Great River Electronics ME-1NV by yapz
Legendary newsman David Brinkley was known to have a deep appreciation for tools because, as he put it, "A tool is designed to do one thing ... and it does it." I think Brinkley, were he an audio enthusiast, would have had a deep appreciation for the Great River ME-1NV -- for it is a finely crafted tool that does one thing -- amplify the output of a microphone to the degree that it becomes usable ...
But it does it in more than just one way.
Dan Kennedy's battleship-solid box is a sort of multitasking audio sampler -- in the Whitman's sense of the word ... thanks to circuitry that tips its hat to the good Mr. Neve and his brainchildren -- but also because Dan incorporated a clever way to access the generous iron dosage contained in the Sowter transformer you'll find inside. Using both the input and output pot in tandem, the ME-1NV allows you to manipulate the amount of "iron in the path" signal saturation you desire. Some prefer to use such descriptors as "clean" and "dirty" when assessing the extremes of transformer saturation; I opt for "pristine" and "colored." [That just sounds nicer.]
Two other switches also offer additional aural nuances as well -- Impedance and Loading. Without delving into the engineering and physics particulars here, suffice it to say that these two features, when engaged [or disengaged], do alter the sound output's character ever so slightly. In this particular case, options are a good thing.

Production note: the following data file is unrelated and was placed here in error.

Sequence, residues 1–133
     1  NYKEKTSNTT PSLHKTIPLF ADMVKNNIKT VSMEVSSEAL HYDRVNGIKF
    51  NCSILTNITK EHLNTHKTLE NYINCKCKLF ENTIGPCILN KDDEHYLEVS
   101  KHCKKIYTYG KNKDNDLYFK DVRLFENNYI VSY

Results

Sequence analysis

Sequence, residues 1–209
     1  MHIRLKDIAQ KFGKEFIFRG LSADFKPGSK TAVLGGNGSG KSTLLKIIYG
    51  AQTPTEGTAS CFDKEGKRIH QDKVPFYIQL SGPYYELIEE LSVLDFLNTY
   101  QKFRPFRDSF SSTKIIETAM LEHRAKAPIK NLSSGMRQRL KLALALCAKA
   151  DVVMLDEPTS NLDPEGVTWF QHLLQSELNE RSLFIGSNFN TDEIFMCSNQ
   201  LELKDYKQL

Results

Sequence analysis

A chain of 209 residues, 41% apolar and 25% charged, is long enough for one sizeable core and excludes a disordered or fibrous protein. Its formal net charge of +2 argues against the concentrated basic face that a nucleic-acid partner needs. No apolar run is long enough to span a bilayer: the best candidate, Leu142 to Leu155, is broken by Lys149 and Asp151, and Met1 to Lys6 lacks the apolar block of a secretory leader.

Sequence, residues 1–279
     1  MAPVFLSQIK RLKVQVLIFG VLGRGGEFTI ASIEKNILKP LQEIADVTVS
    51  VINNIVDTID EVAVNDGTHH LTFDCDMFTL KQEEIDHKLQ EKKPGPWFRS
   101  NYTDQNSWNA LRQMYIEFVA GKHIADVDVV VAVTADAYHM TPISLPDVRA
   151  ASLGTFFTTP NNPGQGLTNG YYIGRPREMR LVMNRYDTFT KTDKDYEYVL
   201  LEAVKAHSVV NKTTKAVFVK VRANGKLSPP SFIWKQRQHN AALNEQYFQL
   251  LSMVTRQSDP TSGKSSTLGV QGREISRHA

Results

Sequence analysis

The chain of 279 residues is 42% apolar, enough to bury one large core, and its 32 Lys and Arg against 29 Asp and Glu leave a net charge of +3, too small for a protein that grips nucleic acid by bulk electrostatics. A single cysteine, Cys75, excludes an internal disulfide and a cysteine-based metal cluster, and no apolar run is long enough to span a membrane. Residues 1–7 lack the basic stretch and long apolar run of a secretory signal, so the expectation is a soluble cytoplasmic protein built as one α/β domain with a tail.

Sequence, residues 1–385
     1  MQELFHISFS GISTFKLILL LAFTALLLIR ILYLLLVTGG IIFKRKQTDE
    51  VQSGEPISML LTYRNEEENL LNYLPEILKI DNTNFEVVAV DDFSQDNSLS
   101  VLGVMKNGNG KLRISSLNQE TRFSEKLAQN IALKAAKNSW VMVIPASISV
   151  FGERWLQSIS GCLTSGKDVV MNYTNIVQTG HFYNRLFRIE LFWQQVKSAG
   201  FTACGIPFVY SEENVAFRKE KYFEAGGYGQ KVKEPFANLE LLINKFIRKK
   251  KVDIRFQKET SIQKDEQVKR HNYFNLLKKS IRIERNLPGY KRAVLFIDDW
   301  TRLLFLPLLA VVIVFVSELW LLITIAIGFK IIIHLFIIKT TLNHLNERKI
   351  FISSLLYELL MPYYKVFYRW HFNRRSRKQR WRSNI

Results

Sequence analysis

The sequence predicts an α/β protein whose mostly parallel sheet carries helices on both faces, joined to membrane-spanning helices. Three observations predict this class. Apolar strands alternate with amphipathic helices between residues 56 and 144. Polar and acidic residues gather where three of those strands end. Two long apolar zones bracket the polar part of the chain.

Of course the thing has phantom power -- and a polarity reversal switch -- and an excellent Hi-Z input as well. But it also has a secondary output on the back: A 1/4", unbalanced, -10 dbu, tip-sleeve jack that Dan placed there for zero-latency DAW monitoring. But there's one more thing that makes this secondary output even more interesting: Unlike the main XLR-jacked output, this quarter-incher's output is pre-transformer. So although it doesn't have the full force & fury of the +4 main, that secondary output does represent yet another access point to a slightly different aural presentation. Why? No transformer, hence less iron in the path. Yet another bonus.
The ME-1NV isn't a full-blown channel strip, but it isn't just a "one trick pony" mic pre either. There's a lot going on under the hood, and while YMMV, every sonic mile you're going to log while driving the ME-1NV connected to the microphone of your choice is guaranteed to be rewarding and enjoyable.